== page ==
With enhanced quality programs now standard in industry, the prospect of product failures act like a microscope in focusing a firm's attention on materials. Baxter Healthcare Corp., like many plastic processors, would like information to help designers and engineers choose the correct materials to fulfill product specifications.
Eaton Corp. of Cleveland has attempted to develop a computer program that would help its electrical engineers determine the right resins for various applications.
Both companies have been developing computer programs to simplify and interpret the vast amounts of materials information developed by thermoplastic resin manufacturers.
Baxter of Deerfield, Ill., has conducted a pilot study using a database compiled by Integrated Design Engineering Systems of Laramie, Wyo.
Margaret Heckman, a technical quality associate for Baxter's Medical Methods Technology Center, said the company begins planning a new product by consulting two material databases: Ides' and Baxter's own, internal database.
While she stressed that the databases and Baxter's processes for using them are still under development, Heckman said they appear to have great potential.
Heckman and Martin Monaghan, a senior principal engineer for Baxter, spoke at an Aug. 1-2 conference on materials databases sponsored by Ides in Laramie.
Baxter uses only a fraction of the 20,000 commercially available thermoplastic resins and, because the medical products industry represents such a small part of the total market, the industry has little leverage in influencing resin development, Monaghan said.
``For us, selecting materials that are used in similar applications can reduce qualification time, and getting it right the first time reduces costs,'' he said.
``Changes in the design stage cost 10 times as much, changes in the tooling stage cost 100 times as much, changes in the testing stage cost 1,000 times as much and changes in the release stage cost 10,000 times as much,'' Monaghan said.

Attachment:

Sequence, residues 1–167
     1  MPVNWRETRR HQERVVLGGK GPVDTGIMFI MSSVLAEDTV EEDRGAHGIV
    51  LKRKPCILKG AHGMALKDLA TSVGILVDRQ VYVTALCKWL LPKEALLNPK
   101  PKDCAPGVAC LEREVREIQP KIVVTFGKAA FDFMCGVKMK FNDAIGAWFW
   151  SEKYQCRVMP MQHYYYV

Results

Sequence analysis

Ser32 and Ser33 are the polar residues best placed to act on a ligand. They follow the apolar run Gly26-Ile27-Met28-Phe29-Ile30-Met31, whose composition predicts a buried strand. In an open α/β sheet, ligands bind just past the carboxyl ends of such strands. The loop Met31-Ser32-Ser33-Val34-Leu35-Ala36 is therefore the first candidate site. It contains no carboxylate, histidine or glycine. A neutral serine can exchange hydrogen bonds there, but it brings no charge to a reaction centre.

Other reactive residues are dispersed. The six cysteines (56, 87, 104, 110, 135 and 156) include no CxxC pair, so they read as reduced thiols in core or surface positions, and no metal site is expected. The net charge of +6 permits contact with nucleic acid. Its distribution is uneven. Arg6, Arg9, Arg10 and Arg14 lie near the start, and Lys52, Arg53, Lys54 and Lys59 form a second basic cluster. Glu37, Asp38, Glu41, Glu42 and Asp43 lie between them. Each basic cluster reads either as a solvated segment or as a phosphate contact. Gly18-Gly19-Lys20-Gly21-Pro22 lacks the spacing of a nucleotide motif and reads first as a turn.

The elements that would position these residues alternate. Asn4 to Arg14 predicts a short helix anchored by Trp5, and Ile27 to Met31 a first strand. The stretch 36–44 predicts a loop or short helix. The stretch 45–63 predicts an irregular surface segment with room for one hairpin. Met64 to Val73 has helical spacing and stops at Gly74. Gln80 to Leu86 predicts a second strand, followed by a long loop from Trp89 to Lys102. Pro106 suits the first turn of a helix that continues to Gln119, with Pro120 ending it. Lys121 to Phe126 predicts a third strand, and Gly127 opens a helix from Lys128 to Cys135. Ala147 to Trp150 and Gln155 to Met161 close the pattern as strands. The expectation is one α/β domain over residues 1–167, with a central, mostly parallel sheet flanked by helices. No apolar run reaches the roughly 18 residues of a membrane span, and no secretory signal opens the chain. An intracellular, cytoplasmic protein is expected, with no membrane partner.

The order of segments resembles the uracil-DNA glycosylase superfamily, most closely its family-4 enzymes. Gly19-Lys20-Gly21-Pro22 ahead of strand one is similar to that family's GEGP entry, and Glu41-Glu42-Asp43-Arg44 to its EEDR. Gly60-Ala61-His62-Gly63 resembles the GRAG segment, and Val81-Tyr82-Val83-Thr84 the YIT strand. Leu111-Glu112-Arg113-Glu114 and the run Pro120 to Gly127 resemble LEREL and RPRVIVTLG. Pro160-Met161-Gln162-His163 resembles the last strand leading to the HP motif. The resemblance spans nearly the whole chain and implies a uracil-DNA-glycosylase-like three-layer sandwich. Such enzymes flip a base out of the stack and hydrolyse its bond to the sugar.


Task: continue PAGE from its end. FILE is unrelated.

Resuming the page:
Based on Ides' database, which includes product specifications supplied by resin makers, and its own experiences, Baxter has developed an edge in determining the optimum materials to use in its products, according to Monaghan.
Ides President Michael Kmetz noted that making such decisions with the best information at a materials specifiers' fingertips could limit liabilities and damages in the event of a failure.
Mark Polyczynski, an Eaton research and development program manager, said his team's goal was to develop a way to help engineers who have little or unsophisticated knowledge about materials choose the correct material.
Polyczynski also spoke at the Ides conference.
Eaton's program works with Ides' computer selection program but, unlike other programs, it is directed at applications requirements rather than material properties, Polyczynski said.
In that way, he said, it tells electrical engineers which material families have been used in specific applications, rather than which materials have performance characteristics that could make them suitable.
``It is a communication tool designed to make people aware of other families of plastics that could work in their applications,'' Polyczynski said.
``We have many people making nonoptimal plastic selections. We do molding at 30 locations worldwide. We use several hundred different types of plastics. We have very few plastics experts.
``We usually use what we used last time, or we just call the supplier,'' he added.
While he and his team report 95 percent accuracy in test situations, they also said Eaton's computer program has not been proven in real situations.
Neither Baxter nor Eaton has developed a time frame in which they expect their systems to be operational.